But at the end of the day the fact is there were black people in Montreal in 1970 and they weren’t down with the FLQ any more than they were the FLQ’s target. They had their own struggle.

Remembering History is great. Remembering what really happened is even better.

And what actually happened is that when the anti-racism Sir George William University demonstrators were tried for civil disobedience and destroying 2 million dollars worth of computers, their attorney was Robert Lemieux

…the FLQ’s lawyer.

Written by angryfrenchguy

September 13, 2009 at 1:36 pm

192 Responses

Subscribe to comments with RSS.

  1. But this is something you presume Professor Gordon. You parade the same insinuation (with variations according to context and post) about how the francophones don’t consider anglophones as Québécois whereas the anglophones do consider themselves Québécois, and I’m merely wondering if you have any data to support this insinuation since to date I haven’t seen any. Do most anglo Quebeckers identify themselves as Québécois?
    Yes____
    No_____
    Don’t know _____
    Don’t know but will go on insinuating I do ____

    James

    September 13, 2009 at 7:53 pm

  2. How about a clear answer to the question below?

    If I were named to an important public position, would your reaction be “But he’s not a real québécois”?

    Be honest.

    Stephen Gordon

    September 13, 2009 at 7:56 pm

  3. I think I’m a Québécois, and I think you’re a Québécois if you think you are and want to be. And that was Parizeau’s whole point Prof. Gordon.

    James

    September 13, 2009 at 7:58 pm

  4. “I’m merely wondering if you have any data to support this insinuation since to date I haven’t seen any. Do most anglo Quebeckers identify themselves as Québécois?”

    Poser la question, c’est y répondre

    Stephen Gordon

    September 13, 2009 at 7:59 pm

  5. That was great until the “if” part.

    Stephen Gordon

    September 13, 2009 at 8:00 pm

  6. If I were named to an important public position, would your reaction be “But he’s not a real québécois”?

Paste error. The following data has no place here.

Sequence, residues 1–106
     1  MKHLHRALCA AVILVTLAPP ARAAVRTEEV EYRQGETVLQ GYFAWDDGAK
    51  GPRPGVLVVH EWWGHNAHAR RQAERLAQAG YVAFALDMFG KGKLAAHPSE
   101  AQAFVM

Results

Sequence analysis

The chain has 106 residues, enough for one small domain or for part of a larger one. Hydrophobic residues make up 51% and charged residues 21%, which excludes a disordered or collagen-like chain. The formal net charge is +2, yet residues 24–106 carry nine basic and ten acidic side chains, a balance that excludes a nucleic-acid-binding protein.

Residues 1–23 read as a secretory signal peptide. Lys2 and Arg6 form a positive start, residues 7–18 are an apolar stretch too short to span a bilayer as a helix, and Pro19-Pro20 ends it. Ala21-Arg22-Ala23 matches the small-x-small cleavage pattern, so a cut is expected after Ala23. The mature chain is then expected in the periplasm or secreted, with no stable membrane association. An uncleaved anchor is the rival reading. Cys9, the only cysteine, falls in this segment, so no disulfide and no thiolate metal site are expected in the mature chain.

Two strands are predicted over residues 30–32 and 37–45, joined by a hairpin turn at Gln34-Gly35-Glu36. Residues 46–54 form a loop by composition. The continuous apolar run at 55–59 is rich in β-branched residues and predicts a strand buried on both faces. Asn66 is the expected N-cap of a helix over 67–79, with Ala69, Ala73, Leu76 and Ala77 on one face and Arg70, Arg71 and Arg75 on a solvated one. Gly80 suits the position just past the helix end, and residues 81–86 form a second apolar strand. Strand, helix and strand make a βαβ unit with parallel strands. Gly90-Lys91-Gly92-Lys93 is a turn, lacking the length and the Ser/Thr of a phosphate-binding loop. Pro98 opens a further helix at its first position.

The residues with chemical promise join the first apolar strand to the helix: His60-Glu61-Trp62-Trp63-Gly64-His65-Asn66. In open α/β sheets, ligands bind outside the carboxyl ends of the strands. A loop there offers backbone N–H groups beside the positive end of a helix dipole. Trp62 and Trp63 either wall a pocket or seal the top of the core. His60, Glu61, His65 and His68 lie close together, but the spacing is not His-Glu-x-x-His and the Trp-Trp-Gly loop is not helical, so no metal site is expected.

Do you have any idea how many Québec anglophones have been appointed to important public positions without their « Québécité » ever having been brought into question for one second? Ever consulted a list of Québec cabinet ministers or Hydro Board members over the last 50 years or so?

    No, of course you haven’t. Otherwise you wouldn’t have asked such a question.

    Right?

    James

    September 13, 2009 at 8:16 pm

  7. Gordon: «Be honest.»

    Why would he be, when you obviously can’t.

    Nothing anybody says or does will ever change your prejudiced opinions. Be honest.

    Raman

    September 13, 2009 at 8:18 pm

  8. But if you don’t consider yourself a Québécois (btw, do you?) but consider yourself a Canadian only, and I’d said I consider you a Québécois, then I would have been a Brownshirt PQ Baddie trying to force a national identity on you against your will and put an armband on you. So I couldn’t have won either way.

    Hopefully your exams are graded more fairly and honestly.

    James

    September 13, 2009 at 8:21 pm

  9. You could have said “Yes.”

    The fact that you couldn’t is the problem.

    Stephen Gordon

    September 13, 2009 at 8:24 pm

  10. “How about: all of us. We all choose to live here.”

    So, Stephen Gordon, you consider yourself as a Quebecer. I have a question for you.

    If, in a future referendum, the majority of Quebecers vote OUI for independence, would you (whether you are a federalist or independantiste)

    1)accept the democractic results of the majority and be loyal to Quebec and participate in Quebec society?

    2)Or would you leave Quebec in a hissy fit or try to threaten partition of your territory from Quebec.

    If it is the later, then you are not a Quebecer in my book.

    Antonio

    September 13, 2009 at 8:25 pm

  11. Do you think you’re a Québécois?

    James

    September 13, 2009 at 8:33 pm

  12. Oh goody. A purity test.

    I have no intention of leaving my home in Quebec City, regardless of the outcome of an eventual referendum.

    Do I pass?

    Stephen Gordon

    September 13, 2009 at 8:36 pm

  13. Yes. Duh.

    I’ve been here 17 years and don’t plan to leave. I work in French.